We are excited to welcome Sunrita Dutta to our Expat Life Interview Series. From India to United Kingdom to Switzerland, let’s read her expat experience.
Q: Where are you originally from?
A: Originally from India but have been living in UK for 13 years before moving to Switzerland.
Q: In which city and country are you living now? Did you move there alone or with a spouse/family?
A: Currently living in Switzerland. We moved with our family.
Q: How long have you lived there and how long are you planning to stay?
A: Living here for past 4 years, and would like to stay here as long as possible.
Q: Why did you move and what do you do?
A: We moved due to my husband’s job. I was an HR professional, and now run my little business as an Indian food Coach & Spice blogger.
Cycling in Austria
Q: Moving from the India to Switzerland, what was your first impression?
A: There is a fierce difference with living standards when compared to living in a developing country to that of a developed country.
Q: What do you enjoy most about Switzerland? What were some of your favorite experiences in Switzerland?
A: Switzerland is a very safe country, with great outdoor life where children can run around freely and enjoy their childhood without the fear of overcrowded cities and traffic. We love to go hiking, swimming in open lakes and cycling.
Q: What do you miss most about home?
A: Family, close friends, and food.
Q: What has been the greatest aspect to your expat experience so far? What are the adjustments you had to make when settling into expat life there?
A: I find the emotional and social aspects of living abroad most challenging. I feel that it’s important to integrate with the locals for a smooth transition of day to day life. However, this may not always be possible as it depends on our personal and others’ social acceptance. It’s a mutual effort. The language has been and still is a bit of a struggle. But it’s important to do so to feel at home wherever we live.
Q: How would you rate the quality of life compared to your home country, in terms of cost of living, public transportation and healthcare system?
A: Excellent. Can’t fault anything. The Swiss transport system is one of the best in the world. However, the cost of living in Switzerland is also very high.
Q: What are the best things to do or places to visit in Switzerland?
A: Hiking in the mountains, Swimming in the lakes or rivers, BBQing in forest, parks or by the lakes, Cycling, Skiing, and the ability to simply drive into any European country from Basel.
Meeting people and making friends
Q: Tell us about your typical day as an expat in Switzerland.
A: Day begins with dropping kids off to school and nursery, going for a run or yoga (when not feeling too laxy), working on my blog/business/cooking class. Picking children up, cooking and evening family time.
Q: Was it easy meeting people and making friends? Have you made friends with locals or do you mix mainly with other expats? Did you feel you fitted in culturally?
A: Ooh yes! I find the people very warm and welcoming, and my kids have made local grandparents too :-)! The language possesses an issue with making local friends, but if you try they are accepting. The majority of friends are of course expats. As we are all in the same boat, we support each other. Partly fitted into the culture, but it’s difficult due to language constraints.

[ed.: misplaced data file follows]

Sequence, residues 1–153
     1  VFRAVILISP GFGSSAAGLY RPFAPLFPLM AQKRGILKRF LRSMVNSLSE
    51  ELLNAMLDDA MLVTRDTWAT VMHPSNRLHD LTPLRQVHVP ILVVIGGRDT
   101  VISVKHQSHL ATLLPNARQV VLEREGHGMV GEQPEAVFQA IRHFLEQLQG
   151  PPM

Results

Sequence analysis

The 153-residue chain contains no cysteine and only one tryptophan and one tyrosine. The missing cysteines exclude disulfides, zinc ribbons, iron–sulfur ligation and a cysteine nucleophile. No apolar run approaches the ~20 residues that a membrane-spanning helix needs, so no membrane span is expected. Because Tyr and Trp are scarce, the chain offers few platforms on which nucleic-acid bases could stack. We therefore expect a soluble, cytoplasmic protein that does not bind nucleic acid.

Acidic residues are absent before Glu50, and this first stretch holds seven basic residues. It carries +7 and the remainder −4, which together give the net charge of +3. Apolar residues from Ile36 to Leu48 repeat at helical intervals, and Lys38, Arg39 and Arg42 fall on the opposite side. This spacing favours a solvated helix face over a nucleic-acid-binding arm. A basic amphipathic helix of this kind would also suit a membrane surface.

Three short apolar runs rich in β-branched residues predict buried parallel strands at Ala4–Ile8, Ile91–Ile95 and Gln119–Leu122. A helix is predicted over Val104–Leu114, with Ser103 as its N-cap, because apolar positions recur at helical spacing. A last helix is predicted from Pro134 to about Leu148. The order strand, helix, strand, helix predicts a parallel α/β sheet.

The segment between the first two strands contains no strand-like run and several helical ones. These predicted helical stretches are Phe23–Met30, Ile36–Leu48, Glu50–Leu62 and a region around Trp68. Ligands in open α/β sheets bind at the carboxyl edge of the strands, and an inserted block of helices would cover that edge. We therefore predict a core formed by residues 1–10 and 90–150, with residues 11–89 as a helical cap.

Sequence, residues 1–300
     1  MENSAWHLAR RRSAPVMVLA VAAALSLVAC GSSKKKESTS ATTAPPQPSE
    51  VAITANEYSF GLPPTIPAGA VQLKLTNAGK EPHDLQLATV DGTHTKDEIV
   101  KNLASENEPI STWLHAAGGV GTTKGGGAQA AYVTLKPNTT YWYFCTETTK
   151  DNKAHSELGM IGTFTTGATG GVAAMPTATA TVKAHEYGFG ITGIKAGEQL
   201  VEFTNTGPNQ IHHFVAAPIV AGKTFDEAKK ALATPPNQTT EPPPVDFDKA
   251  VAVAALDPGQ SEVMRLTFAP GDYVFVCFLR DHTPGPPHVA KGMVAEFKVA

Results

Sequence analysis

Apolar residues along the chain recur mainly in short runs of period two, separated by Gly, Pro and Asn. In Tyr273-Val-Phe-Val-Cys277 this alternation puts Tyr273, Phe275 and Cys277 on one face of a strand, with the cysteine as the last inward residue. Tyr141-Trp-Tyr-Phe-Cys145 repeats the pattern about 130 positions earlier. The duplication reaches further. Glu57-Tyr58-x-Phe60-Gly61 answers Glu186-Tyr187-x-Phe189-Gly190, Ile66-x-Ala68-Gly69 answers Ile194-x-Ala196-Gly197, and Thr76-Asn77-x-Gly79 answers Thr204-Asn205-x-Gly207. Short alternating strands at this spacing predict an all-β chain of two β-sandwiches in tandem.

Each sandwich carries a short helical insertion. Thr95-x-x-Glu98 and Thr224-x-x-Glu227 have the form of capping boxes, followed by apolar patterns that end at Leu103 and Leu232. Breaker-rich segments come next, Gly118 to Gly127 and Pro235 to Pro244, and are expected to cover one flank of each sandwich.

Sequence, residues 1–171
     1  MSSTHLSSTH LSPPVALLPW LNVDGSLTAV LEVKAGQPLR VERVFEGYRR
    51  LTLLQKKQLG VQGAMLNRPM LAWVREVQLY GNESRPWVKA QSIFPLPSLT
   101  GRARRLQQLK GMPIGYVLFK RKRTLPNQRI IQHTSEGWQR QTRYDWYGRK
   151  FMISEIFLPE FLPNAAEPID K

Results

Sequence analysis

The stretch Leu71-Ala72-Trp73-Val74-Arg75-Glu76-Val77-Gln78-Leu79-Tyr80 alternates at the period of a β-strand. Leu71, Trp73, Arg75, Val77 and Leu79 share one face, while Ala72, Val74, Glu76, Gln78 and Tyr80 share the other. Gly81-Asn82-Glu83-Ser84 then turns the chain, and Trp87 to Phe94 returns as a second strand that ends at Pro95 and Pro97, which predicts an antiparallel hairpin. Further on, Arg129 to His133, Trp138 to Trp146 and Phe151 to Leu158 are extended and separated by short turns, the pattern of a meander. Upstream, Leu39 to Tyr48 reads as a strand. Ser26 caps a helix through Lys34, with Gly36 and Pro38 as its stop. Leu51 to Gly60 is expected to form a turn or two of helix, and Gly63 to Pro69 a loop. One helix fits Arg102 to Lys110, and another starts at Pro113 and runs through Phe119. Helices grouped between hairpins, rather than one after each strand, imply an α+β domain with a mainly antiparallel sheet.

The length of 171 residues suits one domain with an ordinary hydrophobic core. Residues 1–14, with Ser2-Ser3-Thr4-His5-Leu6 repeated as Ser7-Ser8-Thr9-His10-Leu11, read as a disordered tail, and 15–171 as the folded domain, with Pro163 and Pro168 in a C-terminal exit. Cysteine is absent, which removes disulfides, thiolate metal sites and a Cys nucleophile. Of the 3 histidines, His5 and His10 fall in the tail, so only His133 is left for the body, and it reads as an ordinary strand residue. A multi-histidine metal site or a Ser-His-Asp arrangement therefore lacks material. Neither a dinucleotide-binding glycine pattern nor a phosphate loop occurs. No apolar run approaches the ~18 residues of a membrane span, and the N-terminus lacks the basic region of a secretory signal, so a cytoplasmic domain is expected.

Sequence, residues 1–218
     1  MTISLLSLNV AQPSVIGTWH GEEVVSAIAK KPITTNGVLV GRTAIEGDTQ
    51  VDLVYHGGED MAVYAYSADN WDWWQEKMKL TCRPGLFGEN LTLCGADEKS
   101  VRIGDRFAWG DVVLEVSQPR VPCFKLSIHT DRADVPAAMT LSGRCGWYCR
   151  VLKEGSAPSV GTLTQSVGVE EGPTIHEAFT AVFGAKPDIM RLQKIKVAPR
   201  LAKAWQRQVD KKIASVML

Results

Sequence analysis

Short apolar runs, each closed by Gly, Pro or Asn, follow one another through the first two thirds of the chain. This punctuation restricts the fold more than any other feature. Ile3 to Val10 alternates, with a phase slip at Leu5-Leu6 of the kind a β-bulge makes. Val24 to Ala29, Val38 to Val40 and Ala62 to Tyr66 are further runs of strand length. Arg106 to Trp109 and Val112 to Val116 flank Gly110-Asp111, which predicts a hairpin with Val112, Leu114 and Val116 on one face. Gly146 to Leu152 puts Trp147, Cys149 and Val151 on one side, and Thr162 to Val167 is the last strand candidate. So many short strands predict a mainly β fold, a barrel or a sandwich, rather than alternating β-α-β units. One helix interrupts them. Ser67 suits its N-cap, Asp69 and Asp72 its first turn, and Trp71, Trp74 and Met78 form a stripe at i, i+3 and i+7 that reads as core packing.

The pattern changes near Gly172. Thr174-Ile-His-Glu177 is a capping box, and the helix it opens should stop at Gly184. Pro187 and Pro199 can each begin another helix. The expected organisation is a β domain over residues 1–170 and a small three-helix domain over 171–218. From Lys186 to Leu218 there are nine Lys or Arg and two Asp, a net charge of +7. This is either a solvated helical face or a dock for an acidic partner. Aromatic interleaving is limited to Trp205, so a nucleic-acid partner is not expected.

Q: Did you have a problem getting a visa or work permit? Did you tackle the visa process yourself or go through an agency?
A: My husband’s company dealt with all work permit details. It was rather smooth and very quick.
Q: How does the work culture differ from home?
A: I am afraid I am not best placed to answer this as I work for myself. However, since my husband works for an International organization, it’s nothing different than other companies.
Q: What are your tips or advice for anyone looking to live and work in Switzerland?
A: 1. Be open minded and accepting of what comes your way. Settling in a new country is a two-way process. You give, you get!
2. Try to learn the language as much as you can. It helps ease your day to day life and makes the locals feel good that you are trying.
3. If you are a trailing spouse like me, finding a job may not be easy. So start applying ASAP or find a way to keep yourself busy.
4. Be positve – see this as a holiday for a chance to explore other European cities. Negativity only deters you from trying and being happy where you are.
Thank you, Sunrita, for taking the time to be part of our Expat Life Interview Series! Sunrita likes to call herself a lazy cook with an easy style of turning bland food into bold flavours!She is an Indian Cooking coach and spice blogger taking cooking classes in Switzerland for 4 years. She hopes to inspire home cooks to overcome the worry of monotous cooking and effortlessly bring in new flavours to everyday meals by simplifying the use of spices and make cooking fun again. Follow her website at www.spiceitupp.com, and connect with her on Facebook, Instagram, Twitter, and Pinterest.
*All pictures used in this post were provided by the author and used with permission.
The Expat Life Interview Series was created to know more about the country, not just from a traveler’s perspective. We hope to help others who are thinking of working abroad to know how it is to live and work with the locals. If you are living and working abroad even for only a few months or several years and would like to be featured on Wellington World Travels, please Contact Us so we can send you the questions and share your expat life experience.
Read more expat stories on our Expat Life page.